Purple irises were planted over the graves of women to summon the Goddess to guide the dead on their journey.

Ancient Egyptian kings were enthralled by the iris’s exotic nature. Evidence can be found in the drawings of the flower in a number of Egyptian palaces and historic structures.

During the Middle Ages the Fleur-de-lis was adopted as the recognized national symbol of France.

The Iris has been used to make perfume and as a medicinal remedy.

 

Iris, Most Beautiful Flower

Iris, most beautiful flower,
Symbol of life, love, and light;
Found by the brook, and the meadow,
Or lofty, on arable height.
You come in such glorious colors,
In hues, the rainbow surpass;
The chart of color portrays you,
In petal, or veins, of your class.
You bloom with the first in Winter,
With the last, in the Fall, you still show;
You steal the full beauty of Springtime,
With your fragrance and sharp color glow.
Your form and beauty of flower,
An artist’s desire of full worth;
So Iris, we love you and crown you,
MOST BEAUTIFUL FLOWER ON EARTH!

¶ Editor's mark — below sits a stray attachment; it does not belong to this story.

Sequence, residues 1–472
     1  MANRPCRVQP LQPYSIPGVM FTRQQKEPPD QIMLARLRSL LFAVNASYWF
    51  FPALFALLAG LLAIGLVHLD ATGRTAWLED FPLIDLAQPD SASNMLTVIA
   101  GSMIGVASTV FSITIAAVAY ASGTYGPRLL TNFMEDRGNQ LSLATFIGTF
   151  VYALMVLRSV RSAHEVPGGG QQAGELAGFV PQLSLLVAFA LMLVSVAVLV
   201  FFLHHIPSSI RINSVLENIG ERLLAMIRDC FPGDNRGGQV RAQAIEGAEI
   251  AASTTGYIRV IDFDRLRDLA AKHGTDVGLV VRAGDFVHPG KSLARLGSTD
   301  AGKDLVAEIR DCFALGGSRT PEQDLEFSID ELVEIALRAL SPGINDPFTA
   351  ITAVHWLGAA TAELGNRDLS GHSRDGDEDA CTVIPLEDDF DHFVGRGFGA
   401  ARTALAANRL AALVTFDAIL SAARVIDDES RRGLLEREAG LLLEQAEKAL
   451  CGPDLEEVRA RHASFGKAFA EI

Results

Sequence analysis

Edith Buckner Edwards

 

Christmas Facts and Symbols


mistletoe

Mistletoe and Holly
Two hundred years before the birth of Christ, the Druids used mistletoe to celebrate the coming of winter. They would gather this evergreen plant that is parasitic upon other trees and used it to decorate their homes. They believed the plant had special healing powers for everything from female infertility to poison ingestion. Scandinavians also thought of mistletoe as a plant of peace and harmony. They associated mistletoe with their goddess of love, Frigga. The custom of kissing under the mistletoe probably derived from this belief. The early church banned the use of mistletoe in Christmas celebrations because of its pagan origins. Instead, church fathers suggested the use of holly as an appropriate substitute for Christmas greenery.